At the Treasury Department, Deputy Assistant Secretary for Public Affairs Rob Nichols said, “I checked with our war room. I cannot answer your questions, as they contain sensitive or classified information.”

WEAPONS TO BALKANS, SOUTH ASIA

Waddani said the arms initially arrived weekly from Russia via the Italian port of Ancona on the Adriatic Sea across from Croatia. They were then shipped to the former Yugoslavia for use by Bosnian Muslim fighters in the 1992-1995 Bosnian war. Later, in 1998, ethnic Albanian insurgents in the Serbian province of Kosovo benefited from the arms supply, Waddani said. He said a Sicilian lawyer in Zurich and a Muslim lawyer helped to find buyers in the Bosnian and Albanian communities in Switzerland.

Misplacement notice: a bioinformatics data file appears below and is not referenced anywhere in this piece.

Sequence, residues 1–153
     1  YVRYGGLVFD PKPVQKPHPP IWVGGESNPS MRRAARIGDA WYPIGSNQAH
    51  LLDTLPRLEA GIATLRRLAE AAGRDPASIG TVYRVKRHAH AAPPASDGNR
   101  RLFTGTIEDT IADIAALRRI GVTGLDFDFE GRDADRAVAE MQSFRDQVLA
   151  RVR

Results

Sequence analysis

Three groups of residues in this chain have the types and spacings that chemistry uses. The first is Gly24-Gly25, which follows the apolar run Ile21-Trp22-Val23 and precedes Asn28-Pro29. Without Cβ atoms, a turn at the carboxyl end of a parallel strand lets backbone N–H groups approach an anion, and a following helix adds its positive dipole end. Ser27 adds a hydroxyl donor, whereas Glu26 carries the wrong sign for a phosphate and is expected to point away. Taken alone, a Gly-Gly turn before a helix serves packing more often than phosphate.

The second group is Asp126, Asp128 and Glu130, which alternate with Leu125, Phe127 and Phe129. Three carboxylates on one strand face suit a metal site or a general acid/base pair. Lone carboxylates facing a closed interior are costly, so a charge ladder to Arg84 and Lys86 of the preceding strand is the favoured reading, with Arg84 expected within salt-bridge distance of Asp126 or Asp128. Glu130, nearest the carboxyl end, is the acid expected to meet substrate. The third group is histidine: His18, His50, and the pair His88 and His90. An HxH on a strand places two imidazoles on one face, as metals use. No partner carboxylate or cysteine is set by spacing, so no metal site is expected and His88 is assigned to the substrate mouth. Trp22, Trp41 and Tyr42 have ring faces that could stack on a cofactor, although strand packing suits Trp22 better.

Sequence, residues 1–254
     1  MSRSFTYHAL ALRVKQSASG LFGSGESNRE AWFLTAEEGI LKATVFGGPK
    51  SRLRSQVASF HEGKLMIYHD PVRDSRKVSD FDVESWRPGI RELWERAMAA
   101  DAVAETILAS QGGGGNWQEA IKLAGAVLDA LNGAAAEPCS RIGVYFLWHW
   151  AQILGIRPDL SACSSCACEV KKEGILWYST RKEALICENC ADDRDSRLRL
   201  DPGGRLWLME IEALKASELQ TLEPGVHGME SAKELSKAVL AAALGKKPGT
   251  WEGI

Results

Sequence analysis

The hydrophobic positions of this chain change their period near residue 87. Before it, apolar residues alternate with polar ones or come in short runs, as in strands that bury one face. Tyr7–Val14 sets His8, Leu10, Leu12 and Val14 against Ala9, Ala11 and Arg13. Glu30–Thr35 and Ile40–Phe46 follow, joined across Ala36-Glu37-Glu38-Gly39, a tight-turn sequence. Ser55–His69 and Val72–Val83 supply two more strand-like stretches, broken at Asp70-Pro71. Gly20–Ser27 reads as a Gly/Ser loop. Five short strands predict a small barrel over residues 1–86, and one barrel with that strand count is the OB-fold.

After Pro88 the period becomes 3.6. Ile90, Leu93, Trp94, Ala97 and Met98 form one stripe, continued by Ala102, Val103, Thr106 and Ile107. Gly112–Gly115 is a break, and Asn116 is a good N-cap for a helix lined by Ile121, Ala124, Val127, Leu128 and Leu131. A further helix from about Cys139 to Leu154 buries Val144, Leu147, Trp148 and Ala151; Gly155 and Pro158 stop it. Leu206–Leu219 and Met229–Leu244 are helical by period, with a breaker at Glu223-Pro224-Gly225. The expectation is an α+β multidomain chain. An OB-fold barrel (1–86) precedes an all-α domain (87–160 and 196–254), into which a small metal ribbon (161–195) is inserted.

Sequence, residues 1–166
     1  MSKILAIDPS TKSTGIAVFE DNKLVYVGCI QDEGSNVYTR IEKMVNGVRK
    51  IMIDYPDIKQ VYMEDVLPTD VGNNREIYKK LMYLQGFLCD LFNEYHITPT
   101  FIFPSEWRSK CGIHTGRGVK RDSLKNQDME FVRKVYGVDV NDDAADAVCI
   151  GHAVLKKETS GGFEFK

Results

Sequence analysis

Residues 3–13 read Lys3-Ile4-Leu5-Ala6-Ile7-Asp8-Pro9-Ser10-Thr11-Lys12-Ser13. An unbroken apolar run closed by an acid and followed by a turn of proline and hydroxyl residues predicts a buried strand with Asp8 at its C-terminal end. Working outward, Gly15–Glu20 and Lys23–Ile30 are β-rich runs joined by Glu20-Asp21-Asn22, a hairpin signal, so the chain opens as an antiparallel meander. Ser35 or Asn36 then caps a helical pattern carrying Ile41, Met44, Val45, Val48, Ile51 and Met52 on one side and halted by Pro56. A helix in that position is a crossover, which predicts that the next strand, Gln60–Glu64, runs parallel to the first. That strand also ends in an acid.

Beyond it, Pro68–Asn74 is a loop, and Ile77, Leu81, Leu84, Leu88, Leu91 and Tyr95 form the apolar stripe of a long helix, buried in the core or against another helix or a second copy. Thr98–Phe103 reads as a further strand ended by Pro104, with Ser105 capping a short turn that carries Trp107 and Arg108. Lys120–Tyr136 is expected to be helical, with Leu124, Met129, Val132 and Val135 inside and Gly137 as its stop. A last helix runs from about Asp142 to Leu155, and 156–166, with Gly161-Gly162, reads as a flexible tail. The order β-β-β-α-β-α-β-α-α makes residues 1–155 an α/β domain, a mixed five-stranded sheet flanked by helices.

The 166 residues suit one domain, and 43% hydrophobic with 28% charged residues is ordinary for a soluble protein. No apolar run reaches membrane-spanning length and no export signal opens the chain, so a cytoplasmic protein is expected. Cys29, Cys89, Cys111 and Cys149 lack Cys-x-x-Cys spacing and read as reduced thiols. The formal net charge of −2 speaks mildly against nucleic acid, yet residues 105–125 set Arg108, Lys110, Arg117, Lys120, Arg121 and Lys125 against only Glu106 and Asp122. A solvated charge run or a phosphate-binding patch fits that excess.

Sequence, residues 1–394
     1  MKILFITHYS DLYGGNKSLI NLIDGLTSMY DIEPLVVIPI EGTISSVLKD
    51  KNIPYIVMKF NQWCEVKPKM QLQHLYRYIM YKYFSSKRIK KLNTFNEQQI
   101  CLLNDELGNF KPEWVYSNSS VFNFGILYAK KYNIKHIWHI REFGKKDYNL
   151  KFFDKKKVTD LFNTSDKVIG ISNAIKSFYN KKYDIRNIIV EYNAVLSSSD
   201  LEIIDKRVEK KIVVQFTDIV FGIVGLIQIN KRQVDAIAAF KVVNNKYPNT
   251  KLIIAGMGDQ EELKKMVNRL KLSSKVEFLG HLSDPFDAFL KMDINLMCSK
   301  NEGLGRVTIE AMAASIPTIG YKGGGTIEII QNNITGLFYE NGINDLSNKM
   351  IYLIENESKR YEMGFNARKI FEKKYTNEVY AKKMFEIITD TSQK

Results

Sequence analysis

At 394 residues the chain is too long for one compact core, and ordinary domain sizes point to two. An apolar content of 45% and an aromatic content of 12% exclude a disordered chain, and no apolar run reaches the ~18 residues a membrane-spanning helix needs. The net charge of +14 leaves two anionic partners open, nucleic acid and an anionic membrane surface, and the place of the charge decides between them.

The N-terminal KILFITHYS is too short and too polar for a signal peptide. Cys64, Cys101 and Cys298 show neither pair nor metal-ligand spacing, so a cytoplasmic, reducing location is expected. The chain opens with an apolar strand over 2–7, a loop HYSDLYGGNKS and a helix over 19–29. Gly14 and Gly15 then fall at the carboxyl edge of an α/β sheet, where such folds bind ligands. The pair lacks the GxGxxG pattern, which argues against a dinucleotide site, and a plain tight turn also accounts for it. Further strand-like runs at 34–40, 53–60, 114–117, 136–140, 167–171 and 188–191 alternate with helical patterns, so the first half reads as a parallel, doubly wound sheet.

But Waddani told police that the system had been abandoned, because the transport of arms through Europe was “complex, expensive and dangerous.” Instead, the Russian weapons were sold to groups in Pakistan.

In the Italian police report, Waddani did not describe the exact route of the weapons destined for South Asia, but he said Russian smugglers brought them to Uzbekistan, from where they were passed to Pakistan as “mechanical components.” Waddani said the end purchasers of the arms ran “military training camps in Pakistan, Iraq and Afghanistan.”

Although Waddani didn’t mention al-Qaida by name, terror mastermind Osama bin Laden’s network operated up to a dozen military training camps in Afghanistan, and the group forged strong ties to tribes in northern Pakistan.

EUROPEAN MAZE